Because of all the recent quarter programs, you’re probably used to seeing lots of quarter designs. You're also used to seeing George Washington on the front. But his face has been there only since 1932, the 200th anniversary of his birth.
The first quarters, made in 1796, not only lacked Washington's picture, they also lacked a denomination. It was probably easy to tell a quarter from a dollar because a dollar had to weigh four times as much.
There was no value marked on quarters until 1804, when "25c" was added to the reverse. In 1838, "QUAR. DOL." was used, then finally spelled out in 1892, still on the back of the coin. It wasn't until the first of the new quarters was made in 1999 that "quarter dollar" was moved to the front, where you know it today.
Instead of being made of silver, today's quarters are "clad," which means coated. The inner core is pure copper and the outer covering is copper mixed with nickel.
The president who proudly graces the front of the quarter is our first: George Washington. If you see the initals "JF" at the base of his neck, they belong to the coin's sculptor, John Flanagan. Since Washington's bust is smaller on new quarters, you'll also see the initials of William Cousins, the Sculptor-Engraver who made the changes.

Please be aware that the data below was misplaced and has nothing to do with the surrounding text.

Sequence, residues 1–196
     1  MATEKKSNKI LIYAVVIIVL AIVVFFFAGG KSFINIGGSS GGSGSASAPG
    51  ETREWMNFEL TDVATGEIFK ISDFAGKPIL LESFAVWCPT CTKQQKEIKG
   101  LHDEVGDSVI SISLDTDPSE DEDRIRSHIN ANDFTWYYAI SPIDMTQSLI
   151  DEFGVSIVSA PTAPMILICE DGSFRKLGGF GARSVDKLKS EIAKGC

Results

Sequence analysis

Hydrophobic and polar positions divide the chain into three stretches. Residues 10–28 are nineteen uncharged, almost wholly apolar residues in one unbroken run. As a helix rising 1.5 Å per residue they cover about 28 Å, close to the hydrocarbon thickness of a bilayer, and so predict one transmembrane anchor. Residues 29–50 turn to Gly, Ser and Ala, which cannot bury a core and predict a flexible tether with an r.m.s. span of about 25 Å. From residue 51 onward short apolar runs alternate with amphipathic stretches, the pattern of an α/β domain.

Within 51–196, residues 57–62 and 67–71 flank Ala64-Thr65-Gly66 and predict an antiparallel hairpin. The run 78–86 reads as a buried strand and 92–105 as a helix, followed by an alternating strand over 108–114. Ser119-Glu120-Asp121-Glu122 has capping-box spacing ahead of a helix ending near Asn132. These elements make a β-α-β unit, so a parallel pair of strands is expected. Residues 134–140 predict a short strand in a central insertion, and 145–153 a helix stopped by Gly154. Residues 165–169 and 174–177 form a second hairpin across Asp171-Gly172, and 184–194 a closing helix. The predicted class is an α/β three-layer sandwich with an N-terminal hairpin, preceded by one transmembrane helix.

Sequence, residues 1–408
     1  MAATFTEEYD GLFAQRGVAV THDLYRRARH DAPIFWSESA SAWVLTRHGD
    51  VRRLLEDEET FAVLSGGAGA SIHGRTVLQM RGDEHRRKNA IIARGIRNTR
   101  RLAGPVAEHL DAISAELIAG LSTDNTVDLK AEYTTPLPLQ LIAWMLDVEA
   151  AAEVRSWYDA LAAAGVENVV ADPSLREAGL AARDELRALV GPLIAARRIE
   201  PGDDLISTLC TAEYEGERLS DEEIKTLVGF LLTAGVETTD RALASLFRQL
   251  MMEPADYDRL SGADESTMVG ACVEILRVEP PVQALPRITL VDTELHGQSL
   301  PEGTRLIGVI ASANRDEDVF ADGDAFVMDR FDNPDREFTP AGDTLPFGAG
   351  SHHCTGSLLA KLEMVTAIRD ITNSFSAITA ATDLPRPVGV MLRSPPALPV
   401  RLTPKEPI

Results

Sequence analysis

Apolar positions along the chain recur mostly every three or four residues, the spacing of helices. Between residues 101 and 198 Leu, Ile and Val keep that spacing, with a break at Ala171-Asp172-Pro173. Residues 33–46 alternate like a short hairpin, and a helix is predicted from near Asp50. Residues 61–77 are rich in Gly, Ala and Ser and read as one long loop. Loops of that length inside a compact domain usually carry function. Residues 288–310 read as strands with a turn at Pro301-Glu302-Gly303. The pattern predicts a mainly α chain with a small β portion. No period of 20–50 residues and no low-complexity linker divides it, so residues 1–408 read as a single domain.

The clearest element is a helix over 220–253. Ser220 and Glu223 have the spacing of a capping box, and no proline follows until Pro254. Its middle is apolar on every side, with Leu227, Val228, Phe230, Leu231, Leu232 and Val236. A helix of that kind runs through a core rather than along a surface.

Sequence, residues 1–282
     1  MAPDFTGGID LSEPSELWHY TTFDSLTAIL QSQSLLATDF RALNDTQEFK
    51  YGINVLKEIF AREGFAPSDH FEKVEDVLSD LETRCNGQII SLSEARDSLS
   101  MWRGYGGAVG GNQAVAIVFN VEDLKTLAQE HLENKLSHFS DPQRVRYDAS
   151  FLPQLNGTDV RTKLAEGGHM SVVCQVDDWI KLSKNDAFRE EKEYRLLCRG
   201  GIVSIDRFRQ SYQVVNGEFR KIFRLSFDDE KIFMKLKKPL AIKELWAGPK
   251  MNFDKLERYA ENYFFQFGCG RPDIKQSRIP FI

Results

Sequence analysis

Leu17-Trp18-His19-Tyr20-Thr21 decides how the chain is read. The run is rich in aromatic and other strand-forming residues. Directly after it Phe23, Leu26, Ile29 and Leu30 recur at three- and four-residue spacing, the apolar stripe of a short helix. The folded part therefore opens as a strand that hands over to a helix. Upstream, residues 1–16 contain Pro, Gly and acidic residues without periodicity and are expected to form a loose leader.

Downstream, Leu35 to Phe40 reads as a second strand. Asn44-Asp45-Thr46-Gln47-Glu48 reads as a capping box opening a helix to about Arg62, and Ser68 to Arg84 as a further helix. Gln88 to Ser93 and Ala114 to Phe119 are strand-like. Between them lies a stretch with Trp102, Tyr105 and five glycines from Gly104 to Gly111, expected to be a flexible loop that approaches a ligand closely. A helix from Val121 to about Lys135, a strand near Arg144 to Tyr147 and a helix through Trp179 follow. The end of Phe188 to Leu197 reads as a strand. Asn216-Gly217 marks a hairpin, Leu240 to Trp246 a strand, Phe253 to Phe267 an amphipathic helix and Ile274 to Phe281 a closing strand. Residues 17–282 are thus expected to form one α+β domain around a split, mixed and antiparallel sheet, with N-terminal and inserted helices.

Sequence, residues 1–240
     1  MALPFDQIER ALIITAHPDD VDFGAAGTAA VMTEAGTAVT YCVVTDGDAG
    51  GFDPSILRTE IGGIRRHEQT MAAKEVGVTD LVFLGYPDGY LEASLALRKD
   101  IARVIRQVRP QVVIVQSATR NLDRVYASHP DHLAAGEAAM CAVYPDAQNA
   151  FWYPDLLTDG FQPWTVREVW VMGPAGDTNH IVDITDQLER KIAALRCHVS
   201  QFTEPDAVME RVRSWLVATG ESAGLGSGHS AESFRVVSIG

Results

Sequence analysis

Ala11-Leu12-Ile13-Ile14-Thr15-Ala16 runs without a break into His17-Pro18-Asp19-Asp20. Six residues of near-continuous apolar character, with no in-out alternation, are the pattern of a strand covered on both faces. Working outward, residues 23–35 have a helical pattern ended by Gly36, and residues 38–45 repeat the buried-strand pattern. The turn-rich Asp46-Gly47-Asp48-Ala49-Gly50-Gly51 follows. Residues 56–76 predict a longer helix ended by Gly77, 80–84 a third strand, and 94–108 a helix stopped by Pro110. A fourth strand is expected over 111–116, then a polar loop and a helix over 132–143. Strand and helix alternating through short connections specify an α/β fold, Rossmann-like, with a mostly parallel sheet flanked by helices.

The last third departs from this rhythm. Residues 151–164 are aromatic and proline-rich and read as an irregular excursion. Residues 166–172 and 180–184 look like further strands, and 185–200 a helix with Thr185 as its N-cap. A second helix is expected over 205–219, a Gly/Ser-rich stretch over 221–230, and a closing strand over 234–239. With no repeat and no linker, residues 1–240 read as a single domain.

Before the 50 State Quarters® Program began in 1999, there was a majestic eagle on the back of the quarter...except for two years. Read about the bicentennial quarter and the new quarter designs through the "Coin of the Month" and "Coin Conservatory" links below.
In 1999, the first of the major quarter programs began. The 50 State Quarters® Program resulted in 50 designs on the back of the quarter over the course of 10 years, one for each state. As soon as it ended, the District of Columbia and U.S. Territories Quarters Program kicked in, with six new designs in 2009.
The America the Beautiful Quarters® Program followed, consisting of 56 designs over a span of more than 11 years. This time, the Discrict of Columbia and U.S. territories were already included in the line-up. They honor national parks and other sites of national significance, one in each state, territory, or the District.
Through all of these programs, the George Washington design remains on the front of the coin.
Teachers! Looking for lessons based on the coins in our pockets? Check out Coin Curricula.
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